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Canada’s Pension Plan revealed to be major shareholder in Chinese company Tencent, disclosures show

Tencent has long been accused of censorship and surveillance on behalf of the Chinese Communist Party, leading to "innocent people’s arrest and torture."

While countless organizations and whistleblowers are unearthing the grave human rights violations fueled by Chinese tech giants such as Huawei and Tencent, countries such as Canada are still joining hands and investing in with such companies.

Canada’s Pension Plan (CPP) has now become one of the major shareholders of Tencent Holdings Ltd, the Chinese tech giant that owns several ventures that include WeChat and RIOT games, among others.

CPP currently owns 44,238,000 shares in Tencent, worth $2.71 billion and making it one of the largest shareholders, based on what we found in the most recent disclosure statement that can be obtained.

CCP is one of the two major components of Canada’s public retirement income system, the other component being Old Age Security.

It is worth noting that Tencent, among other Chinese tech giants, has been time and again accused of supporting human rights violations and blatant acts of censorship. What’s more, it is widely believed that several Chinese tech giants including Tencent massively aid the Chinese Communist Party in carrying out their surveillance activities.

Canada’s very own University of Toronto’s Citizen Lab itself recently announced that WeChat (a messaging platform owned by Tencent) was spying on its users, which we have covered here.

Simply put, WeChat was monitoring all messages received by Chinese residents from international users to filter out and censor any words that were not to be revealed to the Chinese population.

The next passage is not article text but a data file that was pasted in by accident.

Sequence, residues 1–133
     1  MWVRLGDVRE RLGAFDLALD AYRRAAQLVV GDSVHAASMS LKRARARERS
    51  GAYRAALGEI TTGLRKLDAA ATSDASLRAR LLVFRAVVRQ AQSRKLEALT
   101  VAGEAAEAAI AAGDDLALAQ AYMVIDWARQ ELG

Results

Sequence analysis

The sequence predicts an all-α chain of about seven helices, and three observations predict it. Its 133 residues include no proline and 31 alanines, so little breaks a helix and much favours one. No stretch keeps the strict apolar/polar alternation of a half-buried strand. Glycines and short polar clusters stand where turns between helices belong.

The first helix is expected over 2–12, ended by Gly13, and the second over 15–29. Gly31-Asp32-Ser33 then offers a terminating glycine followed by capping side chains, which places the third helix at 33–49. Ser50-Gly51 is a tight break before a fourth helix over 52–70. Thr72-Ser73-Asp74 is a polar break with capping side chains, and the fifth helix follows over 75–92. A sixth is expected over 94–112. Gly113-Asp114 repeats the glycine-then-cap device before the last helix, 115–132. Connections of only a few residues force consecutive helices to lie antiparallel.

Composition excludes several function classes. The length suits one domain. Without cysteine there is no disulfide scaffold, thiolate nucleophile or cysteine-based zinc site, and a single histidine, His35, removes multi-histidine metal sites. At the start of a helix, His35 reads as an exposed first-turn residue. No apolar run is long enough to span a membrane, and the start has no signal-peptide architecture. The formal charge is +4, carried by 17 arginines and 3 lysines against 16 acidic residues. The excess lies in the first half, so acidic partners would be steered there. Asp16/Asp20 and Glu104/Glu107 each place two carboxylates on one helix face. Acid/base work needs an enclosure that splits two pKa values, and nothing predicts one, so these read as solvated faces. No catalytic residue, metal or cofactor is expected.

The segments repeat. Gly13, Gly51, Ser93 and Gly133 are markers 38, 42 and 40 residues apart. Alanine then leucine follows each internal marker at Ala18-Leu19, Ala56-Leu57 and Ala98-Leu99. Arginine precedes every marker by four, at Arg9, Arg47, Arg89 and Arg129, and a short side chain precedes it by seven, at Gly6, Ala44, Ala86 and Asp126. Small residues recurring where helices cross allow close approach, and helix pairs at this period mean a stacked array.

“Documents and images transmitted entirely among non-China-registered accounts undergo content surveillance wherein these files are analyzed for content that is politically sensitive in China. Upon analysis, files deemed politically sensitive are used to invisibly train and build up WeChat’s Chinese political censorship system,” read Citizen Lab’s report.

Apart from Citizen Lab’s recent report, there have also been other organizations that have pointed to the fact that investing in Tencent may be an indirect endorsement of human rights violations, censorship, and surveillance.

Sarah Cook from Freedom House, a US-based NGO, said that “Tencent employees can be expected to censor, monitor, and report private communications and personal data, in many cases leading to innocent people’s arrest and torture.

“Anyone concerned about human rights, electoral interference by foreign powers, or privacy violations by tech giants should divest from the company, including retirement funds. Socially responsible investment plans should exclude Tencent from their portfolios if they have not already,” Cook says.

While the Citizen Lab report has clearly shown how WeChat censors messages and even published results of its experiment to prove censorship and surveillance, Tencent vehemently denied the claims and said that it doesn’t partake in any acts as such.

During the coronavirus outbreak, WeChat was found to be censoring conversations discussing the outbreak, before China had even publicly declared any such outbreak had taken place.

Update May 12, 2020. A Tencent spokesperson had the following comment to add: 

We received the Citizen Lab report and take it seriously. However, with regard to the suggestion that we engage in content surveillance of international users, we can confirm that all content shared among international users of WeChat is private. As a publicly listed global company we hold ourselves to the highest standards, and our policies and procedures comply with all laws and regulations in each country in which we operate. User privacy and data security are core values at Tencent, and we look forward to continuing to sustain user trust and delivering great user experiences.”

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